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Diagnosing Malignant Melanoma: 5 Signs You May Have The Condition

Melanoma is the deadliest form of skin cancer and rates of this disease have increased notably over the past few decades, more so than any other form of cancer. Over 170,000 people will be diagnosed with melanoma this year alone. With its growing prevalence, it’s important to know what signs to look for to help you diagnose and treat malignant melanoma early.

What is melanoma?

Melanoma is a deadly form of skin cancer caused by damage from the sun’s ultraviolet (UV) rays. Cancerous growths develop when unrepaired damage to skin cells trigger mutations that lead skin cells to multiply and form malignant tumors.

Detecting Melanoma – Know your ABC(DE)s

When it comes to self-examinations to determine if there are any irregularities in your skin, it’s essential to know what to look for. A normal mole is usually evenly colored and either flat or raised. The most important warning sign of melanoma is a new spot that wasn’t there previously, or a spot that’s changed in size, shape, or color. The ABCDE rule helps us remember the things to seek out when looking to identify any unusual moles or marks on our bodies.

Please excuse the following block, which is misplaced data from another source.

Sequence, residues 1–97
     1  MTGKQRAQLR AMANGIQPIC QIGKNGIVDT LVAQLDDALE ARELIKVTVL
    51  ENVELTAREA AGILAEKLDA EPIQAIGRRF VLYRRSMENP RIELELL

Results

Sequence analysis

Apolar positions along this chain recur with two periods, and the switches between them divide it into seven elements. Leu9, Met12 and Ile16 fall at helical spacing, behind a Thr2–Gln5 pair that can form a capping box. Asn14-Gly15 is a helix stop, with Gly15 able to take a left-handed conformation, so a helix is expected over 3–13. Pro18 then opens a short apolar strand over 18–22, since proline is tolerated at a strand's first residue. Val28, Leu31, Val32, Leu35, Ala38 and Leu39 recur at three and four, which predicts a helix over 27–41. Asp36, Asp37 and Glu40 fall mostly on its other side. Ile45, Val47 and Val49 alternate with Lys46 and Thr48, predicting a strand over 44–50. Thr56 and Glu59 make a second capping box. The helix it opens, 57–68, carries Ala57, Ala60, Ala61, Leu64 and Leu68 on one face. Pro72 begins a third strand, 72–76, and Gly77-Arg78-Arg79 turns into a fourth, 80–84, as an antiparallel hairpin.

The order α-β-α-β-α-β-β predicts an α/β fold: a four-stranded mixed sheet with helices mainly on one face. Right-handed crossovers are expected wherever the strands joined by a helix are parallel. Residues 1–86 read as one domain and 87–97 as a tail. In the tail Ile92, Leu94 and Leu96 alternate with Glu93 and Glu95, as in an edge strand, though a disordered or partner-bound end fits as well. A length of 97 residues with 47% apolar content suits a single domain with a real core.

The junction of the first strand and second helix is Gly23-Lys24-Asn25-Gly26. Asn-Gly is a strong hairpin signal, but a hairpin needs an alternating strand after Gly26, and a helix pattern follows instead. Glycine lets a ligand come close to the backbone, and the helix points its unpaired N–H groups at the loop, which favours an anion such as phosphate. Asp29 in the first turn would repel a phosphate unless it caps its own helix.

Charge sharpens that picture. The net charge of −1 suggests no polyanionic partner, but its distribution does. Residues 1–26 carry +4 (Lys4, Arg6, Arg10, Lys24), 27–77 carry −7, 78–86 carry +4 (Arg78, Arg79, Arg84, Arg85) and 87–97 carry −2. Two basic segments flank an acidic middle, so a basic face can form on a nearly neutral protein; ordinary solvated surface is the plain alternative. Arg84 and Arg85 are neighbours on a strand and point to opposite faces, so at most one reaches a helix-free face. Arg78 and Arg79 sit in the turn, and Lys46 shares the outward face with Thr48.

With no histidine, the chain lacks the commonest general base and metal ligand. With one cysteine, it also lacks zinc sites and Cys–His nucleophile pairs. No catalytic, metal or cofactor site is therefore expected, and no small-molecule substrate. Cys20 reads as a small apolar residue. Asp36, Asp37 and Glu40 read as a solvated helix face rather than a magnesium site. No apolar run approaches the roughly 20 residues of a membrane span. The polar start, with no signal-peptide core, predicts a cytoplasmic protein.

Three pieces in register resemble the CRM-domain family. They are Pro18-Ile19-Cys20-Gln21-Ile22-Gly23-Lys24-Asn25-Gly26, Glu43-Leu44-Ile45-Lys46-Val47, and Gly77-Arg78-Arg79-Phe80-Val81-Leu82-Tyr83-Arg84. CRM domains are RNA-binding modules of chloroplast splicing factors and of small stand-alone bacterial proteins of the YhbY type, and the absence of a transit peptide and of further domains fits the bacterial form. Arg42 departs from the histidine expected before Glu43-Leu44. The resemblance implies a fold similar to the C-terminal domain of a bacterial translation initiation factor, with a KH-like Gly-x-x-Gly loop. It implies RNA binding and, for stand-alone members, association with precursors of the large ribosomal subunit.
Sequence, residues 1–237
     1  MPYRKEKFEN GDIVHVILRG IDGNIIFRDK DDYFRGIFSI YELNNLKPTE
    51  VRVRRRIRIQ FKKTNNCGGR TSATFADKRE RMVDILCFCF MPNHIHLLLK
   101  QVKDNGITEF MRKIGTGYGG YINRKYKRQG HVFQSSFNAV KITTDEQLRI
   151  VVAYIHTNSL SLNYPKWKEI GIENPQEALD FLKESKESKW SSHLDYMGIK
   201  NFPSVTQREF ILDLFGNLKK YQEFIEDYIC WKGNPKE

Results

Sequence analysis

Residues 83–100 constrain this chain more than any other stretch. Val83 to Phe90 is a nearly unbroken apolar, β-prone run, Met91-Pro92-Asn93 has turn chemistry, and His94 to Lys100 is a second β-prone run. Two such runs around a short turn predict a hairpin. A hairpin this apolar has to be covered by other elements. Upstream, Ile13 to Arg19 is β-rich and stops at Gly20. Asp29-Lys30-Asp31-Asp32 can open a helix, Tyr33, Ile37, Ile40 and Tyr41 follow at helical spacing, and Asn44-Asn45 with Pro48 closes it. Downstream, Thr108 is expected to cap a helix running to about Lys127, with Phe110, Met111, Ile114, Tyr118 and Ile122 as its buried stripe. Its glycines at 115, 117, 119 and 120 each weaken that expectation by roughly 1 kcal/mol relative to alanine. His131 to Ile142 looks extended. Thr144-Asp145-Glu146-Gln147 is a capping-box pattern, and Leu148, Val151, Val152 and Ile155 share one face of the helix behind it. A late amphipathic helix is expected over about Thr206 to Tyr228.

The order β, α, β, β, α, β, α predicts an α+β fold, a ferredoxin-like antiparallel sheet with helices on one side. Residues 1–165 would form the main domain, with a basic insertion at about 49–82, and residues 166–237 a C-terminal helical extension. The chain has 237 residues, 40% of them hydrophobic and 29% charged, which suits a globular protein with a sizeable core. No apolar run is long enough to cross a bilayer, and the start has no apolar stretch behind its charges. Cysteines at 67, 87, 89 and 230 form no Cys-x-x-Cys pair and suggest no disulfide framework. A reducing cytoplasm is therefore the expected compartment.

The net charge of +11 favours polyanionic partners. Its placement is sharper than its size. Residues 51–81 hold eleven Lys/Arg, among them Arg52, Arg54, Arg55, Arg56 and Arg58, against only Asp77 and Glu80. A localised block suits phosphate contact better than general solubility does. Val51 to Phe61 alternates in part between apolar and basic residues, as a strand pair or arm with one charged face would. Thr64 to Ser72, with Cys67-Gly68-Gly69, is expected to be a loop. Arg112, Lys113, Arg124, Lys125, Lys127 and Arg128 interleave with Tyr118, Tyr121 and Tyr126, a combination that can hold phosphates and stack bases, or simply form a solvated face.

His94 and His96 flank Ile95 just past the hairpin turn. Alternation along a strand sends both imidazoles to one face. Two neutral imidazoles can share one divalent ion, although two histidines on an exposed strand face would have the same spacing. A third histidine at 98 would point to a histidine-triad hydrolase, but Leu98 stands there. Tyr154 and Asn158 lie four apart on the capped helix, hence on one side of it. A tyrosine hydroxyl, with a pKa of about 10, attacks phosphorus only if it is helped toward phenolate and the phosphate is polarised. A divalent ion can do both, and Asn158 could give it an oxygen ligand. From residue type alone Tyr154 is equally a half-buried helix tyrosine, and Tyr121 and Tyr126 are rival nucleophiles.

·A is for Asymmetry: Look for any oddly shaped moles on your body or any moles or birthmarks that do not match on either side.

·B is for Borders: Irregular moles tend to have irregular borders that are ragged or blurred.

·C is for Colors: You’ll likely find dark specs of color in abnormal moles or they may include shades of brown or black or patches of pink, white, red or even blue.

·D is for Diameter: The spot is larger than 6 millimeters across (1/4 the size of a pencil eraser, according to American Cancer Society), though melanomas can often be smaller.

·E is for Evolving: Lastly, it’s important to note any moles on your body that change in any of the aforementioned categories.

Other Signs of Malignant Melanoma

Some melanomas don’t fit this category. Be sure to understand other things to look for on your body that could be telltale signs of melanoma, such as:

  • The spread of pigment from a certain area
  • Changes in skin sensations such as pain or itchiness
  • Changes in the surface or a mole – including bleeding or a lump
  • A sore or cut that doesn’t heal

Make an Appointment with a Specialist

Be sure to show your doctor any areas that concern you. It’s important to get screened annually for any changes in your body, especially if you spend a lot of time in the sun or are a person with a lot of moles. For a practice of melanoma doctors in Tampa with years of experience, call the dermatology specialists at Alliance in Academic Dermatology today!

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